and re-initializing endpoints. During this time the host issues handshake (STATUS stage)
packets to which the EZ-USB core responds with NAKs, indicating “busy.” When the
8051 completes the desired operation, it sets HSNAK=1 (by writing a “1” to the bit) to terminate the CONTROL transfer. This handshake prevents the host from attempting to use
a partially configured interface.
To perform an endpoint stall for the DATA or STATUS stage of an endpoint zero transfer
(the SETUP stage can never stall), the 8051 must set both the STALL and HSNAK bits for
endpoint zero.
Some CONTROL transfers do not have a DATA stage. Therefore the 8051 code that processes the SETUP data should check the length field in the SETUP data (in the 8-byte
buffer at SETUPDAT) and arm endpoint zero for the DATA phase (by loading IN0BC or
OUT0BC) only if the length is non-zero.
Two 8051 interrupts provide notification that a SETUP packet has arrived, as shown in
Figure 7-2.
SETUP Stage
S
A
E
D
T
D
U
R
P
Token
E
N
D
P
C
R
C
5
Packet
SUTOK
Interrupt
D
A
T
A
0
C
R
C
1
6
8 bytes
Setup
Data
Data Packet
A
C
K
SETUPDAT
8 RAM
bytes
H/S Pkt
SUDAV
Interrupt
Figure 7-2. The Two Interrupts Associated with EP0 CONTROL Transfers
The EZ-USB core sets the SUTOKIR bit (SETUP Token Interrupt Request) when the EZUSB core detects the SETUP token at the beginning of a CONTROL transfer. This interrupt is normally used only for debug.
The EZ-USB core sets the SUDAVIR bit (Setup Data Available Interrupt Request) when
the eight bytes of SETUP data have been received error-free and transferred to eight EZ-
EZ-USB TRM v1.9
Chapter 7. EZ-USB CPU
Page 7-3
USB registers starting at SETUPDAT. The EZ-USB core takes care of any re-tries if it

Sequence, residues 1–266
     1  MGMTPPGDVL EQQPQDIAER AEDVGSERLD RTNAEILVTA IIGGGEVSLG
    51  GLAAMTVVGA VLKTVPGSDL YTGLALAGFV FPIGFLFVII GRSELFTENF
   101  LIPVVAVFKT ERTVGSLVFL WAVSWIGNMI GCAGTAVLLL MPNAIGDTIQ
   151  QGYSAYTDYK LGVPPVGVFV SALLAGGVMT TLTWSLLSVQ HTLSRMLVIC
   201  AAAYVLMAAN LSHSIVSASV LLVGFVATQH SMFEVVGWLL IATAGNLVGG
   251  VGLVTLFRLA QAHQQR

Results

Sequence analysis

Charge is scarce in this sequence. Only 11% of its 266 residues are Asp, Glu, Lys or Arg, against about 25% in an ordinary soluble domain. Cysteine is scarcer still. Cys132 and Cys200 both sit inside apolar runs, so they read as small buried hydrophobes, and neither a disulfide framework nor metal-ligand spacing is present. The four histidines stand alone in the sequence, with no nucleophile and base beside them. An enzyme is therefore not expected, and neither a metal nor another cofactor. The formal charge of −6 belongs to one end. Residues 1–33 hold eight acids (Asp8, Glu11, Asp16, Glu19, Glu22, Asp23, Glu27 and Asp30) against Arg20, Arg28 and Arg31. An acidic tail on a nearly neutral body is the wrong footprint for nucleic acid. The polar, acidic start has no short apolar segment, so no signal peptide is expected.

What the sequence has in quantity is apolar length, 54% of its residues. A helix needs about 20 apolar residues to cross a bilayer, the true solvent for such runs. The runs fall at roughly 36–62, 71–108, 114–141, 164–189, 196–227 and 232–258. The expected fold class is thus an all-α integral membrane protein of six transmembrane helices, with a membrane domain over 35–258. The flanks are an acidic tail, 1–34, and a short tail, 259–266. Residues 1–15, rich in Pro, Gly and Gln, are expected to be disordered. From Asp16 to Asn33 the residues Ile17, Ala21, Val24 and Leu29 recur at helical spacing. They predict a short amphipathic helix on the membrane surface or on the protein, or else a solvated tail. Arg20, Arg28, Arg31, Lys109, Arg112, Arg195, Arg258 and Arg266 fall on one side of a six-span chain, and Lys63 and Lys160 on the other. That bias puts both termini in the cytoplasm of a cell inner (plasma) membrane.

finds any errors in the SETUP data. These two interrupt request bits are set by the EZUSB core, and must be cleared by firmware.
An 8051 program responds to the SUDAV interrupt request by either directly inspecting
the eight bytes at SETUPDAT or by transferring them to a local buffer for further processing. Servicing the SETUP data should be a high 8051 priority, since the USB Specification stipulates that CONTROL transfers must always be accepted and never NAKd. It is
therefore possible that a CONTROL transfer could arrive while the 8051 is still servicing
a previous one. In this case the previous CONTROL transfer service should be aborted
and the new one serviced. The SUTOK interrupt gives advance warning that a new CONTROL transfer is about to over-write the eight SETUPDAT bytes.
If the 8051 stalls endpoint zero (by setting the EP0STALL and HSNAK bits to 1), the EZUSB core automatically clears this stall bit when the next SETUP token arrives.
Like all EZ-USB interrupt requests, the SUTOKIR and SUDAVIR bits can be directly
tested and reset by the CPU (they are reset by writing a “1”). Thus, if the corresponding
interrupt enable bits are zero, the interrupt request conditions can still be directly polled.
Figure 7-3 shows the EZ-USB registers that deal with CONTROL transactions over EP0.
Registers Associated with Endpoint Zero
For handling SETUP transactions
Initialization
Data transfer
SETUPDAT
USBIEN
T